Fundraiser benefits medical students' clinical trips

Fundraiser benefits medical students' clinical trips

Students from the University of Nevada School of Medicine have a statewide and worldwide outlook on their medical education. While studying to serve the people of Nevada after graduation, these students are also applying their medical skills to regions beyond the state and the country.

Twenty first-year medical students are volunteering to work in free medical clinics in rural India, Nicaragua and Ecuador this spring, In addition, one of the students will be participating in Duke University’s Global Health Fellows Program in Geneva, Switzerland. The entire Class of 2012 has rallied around their classmates to help raise funds to support this trip.

The public is invited to attend a fundraising benefit to be held Saturday, April 4 at 6:30 p.m. in the great room on the fourth floor of the Joe Crowley Student Union at the University of Nevada, Reno. The silent action will feature items from local businesses, restaurants and vacations. Hors d’oeuvres, cocktails and entertainment will be provided.

Cost of the benefit is $25 per person, $20 per student or $10 for children 12 and under. Tickets will be sold at the door and credit cards will be accepted. Cocktail attire is requested. All are welcome to attend and support Nevada medical students making a difference locally and globally.

“We are hoping we don’t have to take out additional loans in order to participate in the international medical service trips,” said Susan Hunter, a first-year medical student and fundraiser coordinator. “This will allow us to better serve the Nevada community in the future.”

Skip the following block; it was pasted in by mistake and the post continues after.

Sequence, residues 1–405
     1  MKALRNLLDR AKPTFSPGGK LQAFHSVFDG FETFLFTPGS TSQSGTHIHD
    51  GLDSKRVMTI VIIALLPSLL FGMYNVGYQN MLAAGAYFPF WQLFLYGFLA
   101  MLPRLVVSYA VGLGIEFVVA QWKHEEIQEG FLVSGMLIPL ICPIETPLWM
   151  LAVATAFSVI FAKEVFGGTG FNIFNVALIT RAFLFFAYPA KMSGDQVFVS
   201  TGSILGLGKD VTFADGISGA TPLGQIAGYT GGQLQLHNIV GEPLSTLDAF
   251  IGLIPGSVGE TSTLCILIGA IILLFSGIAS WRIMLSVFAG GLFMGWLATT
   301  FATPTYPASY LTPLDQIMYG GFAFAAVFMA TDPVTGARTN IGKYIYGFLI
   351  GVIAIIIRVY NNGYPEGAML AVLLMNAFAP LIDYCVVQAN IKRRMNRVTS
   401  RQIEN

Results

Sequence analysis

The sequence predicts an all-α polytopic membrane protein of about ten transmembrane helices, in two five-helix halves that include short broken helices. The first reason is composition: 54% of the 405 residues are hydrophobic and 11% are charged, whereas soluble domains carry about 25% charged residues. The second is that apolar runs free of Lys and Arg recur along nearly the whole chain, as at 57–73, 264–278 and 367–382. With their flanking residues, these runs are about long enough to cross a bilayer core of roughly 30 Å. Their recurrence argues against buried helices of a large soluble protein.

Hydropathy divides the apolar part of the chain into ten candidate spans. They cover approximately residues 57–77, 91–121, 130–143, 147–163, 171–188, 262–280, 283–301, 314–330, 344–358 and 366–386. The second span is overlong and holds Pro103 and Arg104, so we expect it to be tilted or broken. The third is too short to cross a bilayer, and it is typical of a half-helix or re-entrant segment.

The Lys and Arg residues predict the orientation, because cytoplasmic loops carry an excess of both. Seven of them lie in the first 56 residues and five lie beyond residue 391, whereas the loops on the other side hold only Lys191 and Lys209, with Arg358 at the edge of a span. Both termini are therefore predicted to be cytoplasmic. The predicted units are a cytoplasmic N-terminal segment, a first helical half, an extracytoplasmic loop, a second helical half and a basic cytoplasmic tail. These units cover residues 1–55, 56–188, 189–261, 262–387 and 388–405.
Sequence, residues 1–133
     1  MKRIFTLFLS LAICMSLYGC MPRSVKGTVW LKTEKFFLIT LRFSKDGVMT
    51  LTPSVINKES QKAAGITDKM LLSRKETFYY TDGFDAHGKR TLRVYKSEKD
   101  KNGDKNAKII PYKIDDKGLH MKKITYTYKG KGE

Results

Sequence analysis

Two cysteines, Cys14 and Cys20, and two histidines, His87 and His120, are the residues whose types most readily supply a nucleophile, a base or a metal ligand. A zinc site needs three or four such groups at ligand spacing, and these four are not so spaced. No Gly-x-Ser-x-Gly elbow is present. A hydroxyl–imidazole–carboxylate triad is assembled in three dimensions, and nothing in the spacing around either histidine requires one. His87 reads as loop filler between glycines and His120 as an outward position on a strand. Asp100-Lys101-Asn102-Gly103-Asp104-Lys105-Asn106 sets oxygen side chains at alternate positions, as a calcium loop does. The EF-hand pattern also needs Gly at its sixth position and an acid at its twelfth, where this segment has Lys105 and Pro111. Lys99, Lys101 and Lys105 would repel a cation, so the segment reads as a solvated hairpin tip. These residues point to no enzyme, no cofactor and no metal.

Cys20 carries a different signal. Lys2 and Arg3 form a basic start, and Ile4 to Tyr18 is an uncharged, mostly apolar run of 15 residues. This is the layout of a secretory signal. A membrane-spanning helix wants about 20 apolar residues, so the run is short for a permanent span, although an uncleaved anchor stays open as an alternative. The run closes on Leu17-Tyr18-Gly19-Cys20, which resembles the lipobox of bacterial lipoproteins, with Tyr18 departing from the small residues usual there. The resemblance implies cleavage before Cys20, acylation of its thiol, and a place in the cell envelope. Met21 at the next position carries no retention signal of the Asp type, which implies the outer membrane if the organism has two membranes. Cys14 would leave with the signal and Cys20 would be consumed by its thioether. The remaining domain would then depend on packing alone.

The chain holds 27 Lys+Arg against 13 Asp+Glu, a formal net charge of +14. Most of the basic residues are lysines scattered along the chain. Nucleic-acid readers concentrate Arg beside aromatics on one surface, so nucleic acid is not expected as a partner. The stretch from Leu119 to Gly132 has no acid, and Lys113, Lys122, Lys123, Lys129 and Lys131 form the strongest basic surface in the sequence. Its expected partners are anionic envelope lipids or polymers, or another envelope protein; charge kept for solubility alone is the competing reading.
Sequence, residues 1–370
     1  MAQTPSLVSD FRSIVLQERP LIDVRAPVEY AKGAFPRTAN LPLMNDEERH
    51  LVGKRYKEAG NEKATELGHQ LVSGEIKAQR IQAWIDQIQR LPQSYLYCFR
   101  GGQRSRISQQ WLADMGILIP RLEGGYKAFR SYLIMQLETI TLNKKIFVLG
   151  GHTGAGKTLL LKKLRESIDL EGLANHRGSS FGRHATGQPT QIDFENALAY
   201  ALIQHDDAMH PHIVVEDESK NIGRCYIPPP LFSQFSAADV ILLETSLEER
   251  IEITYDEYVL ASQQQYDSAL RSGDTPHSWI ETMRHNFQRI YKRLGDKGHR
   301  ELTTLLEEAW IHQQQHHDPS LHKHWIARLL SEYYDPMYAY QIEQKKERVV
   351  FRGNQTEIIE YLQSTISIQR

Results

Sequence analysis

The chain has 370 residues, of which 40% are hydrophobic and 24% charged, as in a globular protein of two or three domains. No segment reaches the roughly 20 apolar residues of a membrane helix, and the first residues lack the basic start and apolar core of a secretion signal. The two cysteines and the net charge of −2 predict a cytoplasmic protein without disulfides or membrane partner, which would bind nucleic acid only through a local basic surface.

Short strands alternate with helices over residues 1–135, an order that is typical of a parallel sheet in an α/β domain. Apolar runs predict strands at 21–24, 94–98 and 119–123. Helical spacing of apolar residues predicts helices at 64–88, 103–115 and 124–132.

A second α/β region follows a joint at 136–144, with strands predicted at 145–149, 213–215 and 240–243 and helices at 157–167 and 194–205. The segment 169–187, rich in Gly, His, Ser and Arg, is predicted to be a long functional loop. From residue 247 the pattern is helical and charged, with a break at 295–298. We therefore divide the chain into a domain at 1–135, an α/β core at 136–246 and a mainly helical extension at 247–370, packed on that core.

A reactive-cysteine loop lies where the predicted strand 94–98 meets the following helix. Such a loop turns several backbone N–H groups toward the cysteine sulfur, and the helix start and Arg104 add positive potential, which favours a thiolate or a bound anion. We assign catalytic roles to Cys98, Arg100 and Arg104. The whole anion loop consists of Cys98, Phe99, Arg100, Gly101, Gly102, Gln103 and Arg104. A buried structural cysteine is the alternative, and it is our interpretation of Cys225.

Proceeds from this event will benefit the student trips to India, Nicaragua, Ecuador and Switzerland through non-profit organizations that service underprivileged citizens of those counties. Each student will purchase his or her own airfare, but needs to come up with $1,000-$2500 to cover the cost of medical supplies, facilities, translators, accompanying physicians and accommodations.

Students going to India are participating in the Himalayan Health Exchange Program and will be traveling to the trans-Himalayan region to assist local physicians in providing medical care for the rural, underserved population.

Through Bridges to Communities, students traveling to Nicaragua will establish and run clinics in communities that do not have medical care, ultimately providing short-term care within a long-term infrastructure designed to provide communities with continuous health care services.

Those participating in the Volunteering Solutions Program to Ecuador will donate their time to an urban hospital in Quito, rotating through departments such as obstetrics, pediatrics, and surgery, providing medical services to both the urban community of Quito and surrounding rural areas.

For those who cannot attend the event but would like to help, an account has been set up through the university. Checks can be made out to the University of Nevada, Reno Foundation with School of Medicine Student Gift Account as the designee and mailed to: Stefanie Scoppettone, Development Director, Pennington Medical Education Building, University of Nevada School of Medicine, Reno, NV 89557.

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